Even so, defendants contend that injury to property other than the firewall incurred in the process of remediating the firewall itself, as well as lost rents suffered during that process, constitutes an " occurrence." [16] Defendants cite United States Fidelity and Guaranty Co. v. Andalusia Ready Mix, Inc., 436 So.2d 868 (Ala. 1983), a case in which the Alabama Supreme Court held that injury to a structure incurred during the replacement of the insured's defective product constituted " property damage" beyond the insured's faulty workmanship. Id. at 872. In the underlying, state-court action, RSA and AREH have alleged damage to property other than the firewall itself, but they do not allege that the damage was incurred in the process of remediating the firewall.[17] Rather, they allege that it was incurred in the process of remediating condensation.[18] Accordingly, the rationale of Andalusia Ready Mix does not apply.

Defendants also cite the following language from the underlying, state-court complaint when arguing that RSA and AREH allege injury to property other than the firewall incurred during the process of remediating the firewall itself: " As a further and direct consequence of Quality Coatings' defective work and its failure to properly construct its scope of work on the Florence Project, other property and features of the Florence Project have been damaged." [19] The allegation of damage to " other property and features" is vague and, therefore, cannot support defendants' contention that RSA and AREH have alleged the specific type of property damage that falls within the exception described in Andalusia Ready Mix .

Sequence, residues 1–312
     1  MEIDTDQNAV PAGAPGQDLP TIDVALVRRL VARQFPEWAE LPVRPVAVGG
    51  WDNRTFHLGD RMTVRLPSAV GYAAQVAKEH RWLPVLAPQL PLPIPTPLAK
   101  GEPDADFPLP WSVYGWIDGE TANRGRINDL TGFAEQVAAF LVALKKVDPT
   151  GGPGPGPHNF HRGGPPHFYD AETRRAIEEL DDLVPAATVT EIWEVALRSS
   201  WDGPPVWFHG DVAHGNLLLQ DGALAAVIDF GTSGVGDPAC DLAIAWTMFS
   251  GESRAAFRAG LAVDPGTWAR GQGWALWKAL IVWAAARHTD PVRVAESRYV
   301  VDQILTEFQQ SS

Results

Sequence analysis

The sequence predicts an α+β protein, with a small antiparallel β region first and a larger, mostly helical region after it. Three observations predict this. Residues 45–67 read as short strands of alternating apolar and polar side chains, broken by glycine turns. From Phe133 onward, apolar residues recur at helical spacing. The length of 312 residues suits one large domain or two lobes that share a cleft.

2. Property damage allegedly caused by the growth of mold

Plaintiff correctly contends that the second cause of property damage alleged in the underlying, state-court complaint -- i.e., " the growth of mold" -- falls under the Policy's Fungi or Bacteria Exclusion, which excludes from coverage claims for: